Private-prison stock hits two-year high as analysts cite potential for more detention beds, detention alternatives

Shares of private-prison operator GEO Group Inc. jumped to their highest level in roughly two years on Tuesday after Wedbush analysts upgraded the stock, citing a GOP-controlled House, possible changes in immigration policy and the potential for more demand in the company’s electronic-monitoring business.

GEO Group

— which runs and does work for correctional and detention facilities — was up nearly 15% to 11.75 in late-afternoon trading. The advance put the stock at levels not seen since October 2020.

The Wedbush analysts, in a research note on Tuesday, said they were upgrading GEO Group to the equivalent of buy from neutral. They raised their price target to $14 from $10.

The analysts said their prior rating was based on “negative headwinds facing the private prison industry, including declining prison populations and political opposition to the business, along with questions surrounding the strength of the company’s balance sheet.”

They noted that this month, a U.S. district judge ordered a halt to the enforcement of Title 42, a national health measure that has allowed the U.S. to quickly turn back people trying to cross into the country from Mexico. The action was put in place under the Trump administration in 2020, at the start of the pandemic.

“Assuming that this new ruling is not opposed, we anticipate a removal of Title 42 restrictions starting on December 21st, 2022,” the Wedbush analysts said. “We believe that this news should represent a[n] incremental positive catalyst for both [CoreCivic Inc.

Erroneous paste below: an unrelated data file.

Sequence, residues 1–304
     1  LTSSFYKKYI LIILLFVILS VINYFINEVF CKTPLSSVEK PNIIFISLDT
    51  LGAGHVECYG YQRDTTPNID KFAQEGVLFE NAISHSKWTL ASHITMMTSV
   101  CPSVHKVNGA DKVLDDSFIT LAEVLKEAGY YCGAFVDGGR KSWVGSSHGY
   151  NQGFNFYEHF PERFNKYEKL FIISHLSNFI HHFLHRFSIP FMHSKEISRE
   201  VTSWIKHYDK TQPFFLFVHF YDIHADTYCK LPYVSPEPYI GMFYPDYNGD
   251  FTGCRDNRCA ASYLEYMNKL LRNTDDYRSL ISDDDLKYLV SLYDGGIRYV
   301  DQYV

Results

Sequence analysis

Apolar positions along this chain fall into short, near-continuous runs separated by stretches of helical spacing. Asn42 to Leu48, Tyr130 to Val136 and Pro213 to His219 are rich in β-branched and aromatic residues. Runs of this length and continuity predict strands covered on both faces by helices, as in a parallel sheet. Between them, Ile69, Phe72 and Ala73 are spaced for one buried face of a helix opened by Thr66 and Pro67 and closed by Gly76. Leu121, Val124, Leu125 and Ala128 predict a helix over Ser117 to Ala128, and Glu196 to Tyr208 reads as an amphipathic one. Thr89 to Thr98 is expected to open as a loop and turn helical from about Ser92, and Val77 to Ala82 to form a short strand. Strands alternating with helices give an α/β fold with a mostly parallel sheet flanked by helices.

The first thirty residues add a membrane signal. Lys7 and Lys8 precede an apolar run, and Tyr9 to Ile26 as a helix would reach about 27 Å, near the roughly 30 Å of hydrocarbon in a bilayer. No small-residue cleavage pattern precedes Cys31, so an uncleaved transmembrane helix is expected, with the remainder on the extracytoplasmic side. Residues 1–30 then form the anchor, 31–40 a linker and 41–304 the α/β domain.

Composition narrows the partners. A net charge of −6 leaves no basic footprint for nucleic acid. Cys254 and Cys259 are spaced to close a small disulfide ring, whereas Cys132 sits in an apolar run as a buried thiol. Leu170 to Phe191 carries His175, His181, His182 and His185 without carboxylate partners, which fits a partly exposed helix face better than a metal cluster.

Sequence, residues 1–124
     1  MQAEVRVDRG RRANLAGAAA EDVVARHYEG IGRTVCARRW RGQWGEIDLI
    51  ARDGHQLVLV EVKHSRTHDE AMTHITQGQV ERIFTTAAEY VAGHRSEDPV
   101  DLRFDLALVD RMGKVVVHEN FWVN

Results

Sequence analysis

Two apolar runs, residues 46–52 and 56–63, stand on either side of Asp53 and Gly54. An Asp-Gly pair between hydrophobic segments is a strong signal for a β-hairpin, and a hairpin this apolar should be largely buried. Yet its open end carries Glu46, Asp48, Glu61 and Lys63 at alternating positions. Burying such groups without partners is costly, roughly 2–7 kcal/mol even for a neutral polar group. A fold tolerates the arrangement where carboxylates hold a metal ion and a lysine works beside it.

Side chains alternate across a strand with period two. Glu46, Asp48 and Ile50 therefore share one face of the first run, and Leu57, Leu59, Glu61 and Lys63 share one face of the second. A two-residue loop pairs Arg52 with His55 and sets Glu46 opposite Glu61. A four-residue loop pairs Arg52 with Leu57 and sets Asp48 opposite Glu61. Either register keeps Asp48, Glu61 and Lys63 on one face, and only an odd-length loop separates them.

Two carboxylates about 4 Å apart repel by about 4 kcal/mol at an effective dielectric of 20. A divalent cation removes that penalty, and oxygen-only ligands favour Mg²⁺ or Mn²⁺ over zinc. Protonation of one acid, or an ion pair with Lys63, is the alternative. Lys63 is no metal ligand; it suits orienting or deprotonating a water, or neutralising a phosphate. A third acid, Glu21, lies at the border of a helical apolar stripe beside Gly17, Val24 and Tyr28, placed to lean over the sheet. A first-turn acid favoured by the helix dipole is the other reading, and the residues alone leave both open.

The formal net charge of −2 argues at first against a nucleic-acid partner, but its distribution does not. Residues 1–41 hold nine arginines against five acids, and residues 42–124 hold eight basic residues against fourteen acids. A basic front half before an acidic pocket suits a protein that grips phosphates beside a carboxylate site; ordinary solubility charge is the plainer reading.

] and GEO on the potential for an increase in demand from [Immigration and Customs Enforcement] for detention capacity,” the analysts said.

“While we did not see a ‘red wave’ in the recent midterm elections, Republicans are projected to take control of the House,” they continued. “This will likely lead to a locked-up Congress for the next couple of years, but we could still see a potential increase in funding for ICE detention beds and a heightened focus on border enforcement brought forward by the House.”

Currently, GEO Group’s electronic-monitoring business stands to gain from a shift in political sentiment toward detention alternatives, the analysts said, due to the growth of one such alternative, the Intensive Supervision Appearance Program. Under that program, individuals released after being detained are supervised via ankle bracelets, GPS tracking and home visits, according to the nonprofit Immigrant Legal Center.

Wedbush said revenue in GEO Group’s electronic-monitoring business jumped 81% year over year in the third quarter. Net operating margins on that business were above 50%.

The analysts said that in August, the company closed on several debt-restructuring deals that spread its debt burden out over a longer period of time. But they noted that GEO Group’s biggest financial challenge remained handling rising wages for workers.

Of the three analysts who cover GEO Group and are tracked by FactSet, two have a buy rating on the stock. Shares of GEO Group are up 52% so far this year. By comparison, the S&P 500 Index

is down 17% year to date.